OK, the debates about the legalisation of wildcamping in England and Wales are hotting up. A lot of the conversations seem to be centred on either the preliminary wording on the e-petition page, or on what the definition of "rights enshrined in law"-wildcamping might be. I just want to take this opportunity to say a few things about these subjects.
1. The Preliminary Wording.
Well, that's just what it is. Preliminary. It's not the best piece of prose ever penned by a bard of this fair land, it's what Darren was thinking at the time, he's not a politician or a poet but he speaks as he thinks. At least he had the balls to stick his head above the parapet and see who was waiting to prop him up or shoot him down - credit where it's due, I say.
As with every first step, this one might have been a bit wobbly but it was a necessary thing to do before the art of running is learned. I've no doubt that the e-petition wording could be refined to take into account some of the sensible ideas (for and against) being bounced around in cyberspace, but let's not forget that it's an introductory text, not a final draft of a bill to be placed before the lawmakers of the land. It's like a seed, if nurtured it'll grow and eventually come to fruition, at which point it'll be totally different to how it started.
2. Wildcamping - A Definition.
Ah, now we're into personal points of view. I've read a lot of opinions as to what "wildcamping" should/could be, and I reckon everybody has a slightly different take on it. For what it's worth, here's mine:
Who: Individuals or small groups, no more than 4 units per group. Sensible people who respect the environment and act responsibly, leaving no trace and causing no trouble, inconvenience or distraction. People who would appreciate the privilege of being allowed to conduct this activity without concerns about civil or legal action.
What: Small tents, tarps, bivi-bags and the like. If you can't carry it, it's too big so it's not allowed.
When: One hour before sunset to one hour after sunrise, unless conditions or incapacity force an early or extended stay. In mountainous or remote regions, I reckon that stays during daytime might be acceptable where there is a specific objective.
Where: It's probably best to consider where wildcamping should not be done... private gardens, farmed/cultivated (including fallow) land, common land (laws are already in place covering the use of common land), public parks, ecologically-sensitive areas, SSSIs, nature reserves, restricted-access military ground, places where camping would infringe upon the activities of other land-users (for example, not by a riverside where it would prevent angling). You get the gist. I don't reckon that there should be a minimum altitude for wildcamping - not all folk who might choose to wildcamp would class themselves as fell-walkers or mountaineers, some are long-distance lowland or coastal walkers who still need shelter for the night. I reckon that a minimum distance of a mile from all roads and from all permanent habitation would suffice.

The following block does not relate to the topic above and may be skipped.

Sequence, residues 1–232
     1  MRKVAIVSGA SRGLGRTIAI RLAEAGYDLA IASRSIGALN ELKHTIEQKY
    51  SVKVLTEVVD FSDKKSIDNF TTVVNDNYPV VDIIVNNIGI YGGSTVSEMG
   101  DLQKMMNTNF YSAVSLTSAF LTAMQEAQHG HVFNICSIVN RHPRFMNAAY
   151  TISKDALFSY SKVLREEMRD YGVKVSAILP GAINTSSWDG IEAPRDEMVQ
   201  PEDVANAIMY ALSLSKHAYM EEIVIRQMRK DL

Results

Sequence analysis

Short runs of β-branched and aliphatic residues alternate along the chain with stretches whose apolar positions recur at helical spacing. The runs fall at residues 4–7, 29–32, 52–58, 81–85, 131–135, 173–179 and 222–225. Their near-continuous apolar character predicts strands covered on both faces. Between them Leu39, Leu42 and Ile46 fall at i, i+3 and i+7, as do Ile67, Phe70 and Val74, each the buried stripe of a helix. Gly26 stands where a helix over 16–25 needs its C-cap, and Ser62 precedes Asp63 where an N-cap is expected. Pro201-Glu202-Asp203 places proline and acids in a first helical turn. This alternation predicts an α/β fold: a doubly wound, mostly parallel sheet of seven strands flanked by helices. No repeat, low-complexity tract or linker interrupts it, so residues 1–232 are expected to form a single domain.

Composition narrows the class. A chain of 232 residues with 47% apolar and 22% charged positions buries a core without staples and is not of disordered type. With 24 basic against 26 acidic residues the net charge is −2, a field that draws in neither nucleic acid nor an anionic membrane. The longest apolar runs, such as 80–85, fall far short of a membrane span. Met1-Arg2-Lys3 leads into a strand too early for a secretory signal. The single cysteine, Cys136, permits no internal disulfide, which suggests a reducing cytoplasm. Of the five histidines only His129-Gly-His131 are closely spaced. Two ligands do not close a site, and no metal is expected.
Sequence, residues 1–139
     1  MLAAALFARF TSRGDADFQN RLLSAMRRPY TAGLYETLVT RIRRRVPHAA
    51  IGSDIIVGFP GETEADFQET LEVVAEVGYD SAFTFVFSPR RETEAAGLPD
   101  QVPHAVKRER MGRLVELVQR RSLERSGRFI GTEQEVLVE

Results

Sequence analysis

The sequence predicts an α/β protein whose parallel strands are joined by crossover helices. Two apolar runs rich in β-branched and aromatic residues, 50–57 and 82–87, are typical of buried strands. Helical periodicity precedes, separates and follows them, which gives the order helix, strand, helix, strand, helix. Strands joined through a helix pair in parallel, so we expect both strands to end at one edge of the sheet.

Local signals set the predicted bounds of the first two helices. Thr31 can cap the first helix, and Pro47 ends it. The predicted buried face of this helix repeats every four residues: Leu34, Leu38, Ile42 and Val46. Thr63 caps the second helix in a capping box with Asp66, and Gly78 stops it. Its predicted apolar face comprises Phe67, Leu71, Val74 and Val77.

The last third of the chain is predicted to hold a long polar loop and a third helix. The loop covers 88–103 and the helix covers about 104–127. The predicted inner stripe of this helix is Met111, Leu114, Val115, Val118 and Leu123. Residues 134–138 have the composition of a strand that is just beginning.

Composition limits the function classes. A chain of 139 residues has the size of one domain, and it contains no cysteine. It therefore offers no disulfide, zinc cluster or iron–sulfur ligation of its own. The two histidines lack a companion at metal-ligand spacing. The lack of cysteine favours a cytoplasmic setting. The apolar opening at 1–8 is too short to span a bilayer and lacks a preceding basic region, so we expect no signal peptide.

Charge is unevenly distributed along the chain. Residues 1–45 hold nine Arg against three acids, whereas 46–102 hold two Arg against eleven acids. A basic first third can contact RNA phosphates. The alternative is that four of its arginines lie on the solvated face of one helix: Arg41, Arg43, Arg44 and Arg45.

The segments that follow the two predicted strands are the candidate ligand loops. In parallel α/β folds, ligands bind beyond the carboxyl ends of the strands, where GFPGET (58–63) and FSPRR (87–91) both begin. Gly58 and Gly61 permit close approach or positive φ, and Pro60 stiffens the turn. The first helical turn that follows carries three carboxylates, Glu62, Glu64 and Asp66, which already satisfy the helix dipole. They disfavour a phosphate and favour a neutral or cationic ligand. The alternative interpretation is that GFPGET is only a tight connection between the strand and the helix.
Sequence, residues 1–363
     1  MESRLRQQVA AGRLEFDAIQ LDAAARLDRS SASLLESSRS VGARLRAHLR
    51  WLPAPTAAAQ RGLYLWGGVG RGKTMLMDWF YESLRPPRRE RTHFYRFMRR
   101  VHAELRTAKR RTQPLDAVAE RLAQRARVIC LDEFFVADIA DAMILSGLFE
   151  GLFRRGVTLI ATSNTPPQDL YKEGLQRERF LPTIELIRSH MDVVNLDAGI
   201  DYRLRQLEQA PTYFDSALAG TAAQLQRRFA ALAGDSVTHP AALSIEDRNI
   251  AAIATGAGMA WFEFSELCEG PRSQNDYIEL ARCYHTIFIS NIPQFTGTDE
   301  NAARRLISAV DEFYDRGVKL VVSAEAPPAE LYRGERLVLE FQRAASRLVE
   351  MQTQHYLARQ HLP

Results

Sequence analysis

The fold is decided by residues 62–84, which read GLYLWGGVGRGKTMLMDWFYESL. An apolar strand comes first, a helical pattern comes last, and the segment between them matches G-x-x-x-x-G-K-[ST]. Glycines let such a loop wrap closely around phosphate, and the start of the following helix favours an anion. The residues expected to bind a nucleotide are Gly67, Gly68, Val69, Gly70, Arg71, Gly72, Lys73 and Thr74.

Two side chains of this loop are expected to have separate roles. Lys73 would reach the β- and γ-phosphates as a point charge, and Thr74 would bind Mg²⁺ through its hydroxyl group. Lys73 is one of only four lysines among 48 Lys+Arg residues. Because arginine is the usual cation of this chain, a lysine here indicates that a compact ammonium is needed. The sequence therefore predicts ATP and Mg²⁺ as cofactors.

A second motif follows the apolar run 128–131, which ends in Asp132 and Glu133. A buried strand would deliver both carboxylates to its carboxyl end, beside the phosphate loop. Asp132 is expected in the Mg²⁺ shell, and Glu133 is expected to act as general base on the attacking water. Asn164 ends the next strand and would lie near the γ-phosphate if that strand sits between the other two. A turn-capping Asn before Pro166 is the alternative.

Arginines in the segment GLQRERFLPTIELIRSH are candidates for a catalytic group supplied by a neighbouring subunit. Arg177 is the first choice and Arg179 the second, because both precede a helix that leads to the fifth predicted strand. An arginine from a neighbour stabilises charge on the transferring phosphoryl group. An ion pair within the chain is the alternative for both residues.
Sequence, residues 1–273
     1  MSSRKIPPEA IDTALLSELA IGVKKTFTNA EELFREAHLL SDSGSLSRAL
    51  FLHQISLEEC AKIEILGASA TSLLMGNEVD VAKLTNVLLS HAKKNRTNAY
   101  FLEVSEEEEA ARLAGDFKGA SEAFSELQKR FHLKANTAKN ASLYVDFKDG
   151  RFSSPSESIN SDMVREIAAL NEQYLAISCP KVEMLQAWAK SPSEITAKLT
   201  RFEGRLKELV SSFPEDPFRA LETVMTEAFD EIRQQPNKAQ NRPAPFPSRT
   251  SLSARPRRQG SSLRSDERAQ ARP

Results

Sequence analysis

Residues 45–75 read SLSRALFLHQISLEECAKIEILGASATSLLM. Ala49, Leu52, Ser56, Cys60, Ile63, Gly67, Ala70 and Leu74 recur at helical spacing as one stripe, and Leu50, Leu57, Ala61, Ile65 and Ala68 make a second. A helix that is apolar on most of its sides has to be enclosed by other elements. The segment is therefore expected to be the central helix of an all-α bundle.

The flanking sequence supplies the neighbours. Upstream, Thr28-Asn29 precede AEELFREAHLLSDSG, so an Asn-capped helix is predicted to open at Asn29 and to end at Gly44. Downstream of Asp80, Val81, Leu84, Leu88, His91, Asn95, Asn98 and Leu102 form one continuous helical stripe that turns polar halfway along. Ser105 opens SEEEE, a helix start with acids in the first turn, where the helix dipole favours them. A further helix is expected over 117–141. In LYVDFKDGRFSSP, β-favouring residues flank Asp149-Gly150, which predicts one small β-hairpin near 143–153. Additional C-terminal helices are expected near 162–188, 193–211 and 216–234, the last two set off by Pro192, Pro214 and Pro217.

Why: As a means to a specific and reasonable end, such as a sleepover as part of a multi-day walk, or as a base-camp for another activity. Definitely not as a place to get rowdy, cause grief and noise, party to excess etc..
How: With what you can carry in, and then carry out again. No open fires without specific permission. No powered vehicles without specific permission.
Rights: For me, this isn't about taking away the rights of the landowner, who, I believe, must still retain the right to have wrong-doers removed from his/her property. The difference would be that being asked to move on "because this is my land and you've no right to be here" would be a thing of the past. A realistic and justifiable reason for removal, backed up by evidence, would have to be given by the landowner or his/her agent. Such a reason would have to be reconciled against the wildcamper's own reason for being there.
Responsibilities: The "respect the privilege" and "leave no trace" policies are two of the things that would set proper wildcampers apart from other off-site campers. As such, I believe that bona fide wildcampers would have a responsibility for helping others to adhere to whatever rules are set in place to regulate the activity. Furthermore, wildcampers should be willing and prepared to aid the emergency and rescue services if necessary, even if it's only to use your camp as a place to look after a casualty until help arrives, or to shelter a lost soul until redemption happens by.
Approval: In many places in Europe, campers have to produce a "camping card" in order to get a site pitch. I reckon a similar system could work for wildcampers here... a card, to be issued by a suitable regulatory authority such as the BMC, the RA, the Environment Agency and/or a similar body, confirming the ID of the bearer and displaying the rules of the game, could be carried at all times, to be shown on demand. It sounds a bit draconian, but it's only like anglers having to carry an EA rod licence.
Insurance: To me, it seems sensible to have cover for liability and accidental damage while on property owned by somebody else. I'm not sure that making it mandatory would be a good thing, though.
There you go. I expect I'll be editing this after further thought, and I'm open to persuasion (unlike some die-hards out there), so be prepared for change in the name of progress.
If you want to view my e-petition archive, click here.